When we asked him why he seemed frustrated, Councillor Kyle Rae was more blunt: “They’re flying in three times a week, and they want to fly in five times a week. [Actually, daily. –Ed.] The federal government won’t give them permission. There’s a six-month delay getting cargo onto this flight. It is an economic engine, it is an important opportunity for international trade, and the federal government—because this is Toronto—is not giving them landing rights. This is interference in the marketplace and it has to stop.”
Federal Tourism Minister Diane Ablonczy was also in attendance and all smiles, but found fingers pointed at her. Said McCallion: “Madame Minister, [the airport] needs a little more cooperation from the federal government. We are the largest airport in Canada, but other airports get a better deal than we get.”
Emirates President Timothy Clark; Hazel McCallion slams the federal government while Federal Tourism Minister Diane Ablonczy squirms behind her. Photos by Marc Lostracco/Torontoist.
The urgency is rooted in the increasing importance and influence of Dubai on the international scene, especially as it relates to tourism. Formerly a tiny desert community of 183,000 people, the population has ballooned to 1.5 million in only three decades, only 10% of which are now Emiraties. One of the world’s most audacious skylines has appeared only relatively recently with the explicit intention of attracting affluent westerners to the “Vegas of the Middle East,” where many of the rules of this strict Muslim society are relaxed for the sake of tourism.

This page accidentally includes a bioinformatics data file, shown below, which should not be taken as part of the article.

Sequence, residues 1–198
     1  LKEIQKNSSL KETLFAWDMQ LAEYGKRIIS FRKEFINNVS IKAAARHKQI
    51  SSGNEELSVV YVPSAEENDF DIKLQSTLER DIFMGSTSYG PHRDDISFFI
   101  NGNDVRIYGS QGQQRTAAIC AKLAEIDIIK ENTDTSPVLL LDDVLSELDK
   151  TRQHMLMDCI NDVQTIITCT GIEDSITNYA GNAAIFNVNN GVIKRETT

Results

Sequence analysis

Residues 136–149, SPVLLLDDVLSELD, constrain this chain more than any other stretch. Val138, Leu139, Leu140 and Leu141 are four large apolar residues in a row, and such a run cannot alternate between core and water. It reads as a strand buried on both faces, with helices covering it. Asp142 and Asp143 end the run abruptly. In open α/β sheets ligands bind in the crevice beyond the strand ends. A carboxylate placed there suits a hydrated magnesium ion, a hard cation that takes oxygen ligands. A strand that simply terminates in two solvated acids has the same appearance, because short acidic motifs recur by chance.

The aircraft receives a traditional welcome at Gate 173. Photo by Hamish Grant/Torontoist.
As for Toronto, yesterday’s flight was a landmark for local aviation enthusiasts and the GTAA. Though the A380 had briefly visited Iqaluit, Montreal, and Vancouver in its passengerless testing stages, Pearson is one of only a few airports to regularly fly the superjumbo in the western hemisphere. Emirates chose to redeploy two of their A380s from New York’s JFK airport to Toronto and Bangkok instead, claiming stronger demand and less competition. Some think that the move was made specifically to pressure the Canadian government to release travel restrictions to the United Arab Emirates.
“In this economic downturn, they have chosen to fly here,” says Hazel McCallion. “I hope the federal government will recognize this.”
Whatever the case may be, we’ll take it. Our two cities already share the world’s two tallest freestanding structures, so perhaps it’s appropriate that we also share the world’s largest passenger jet.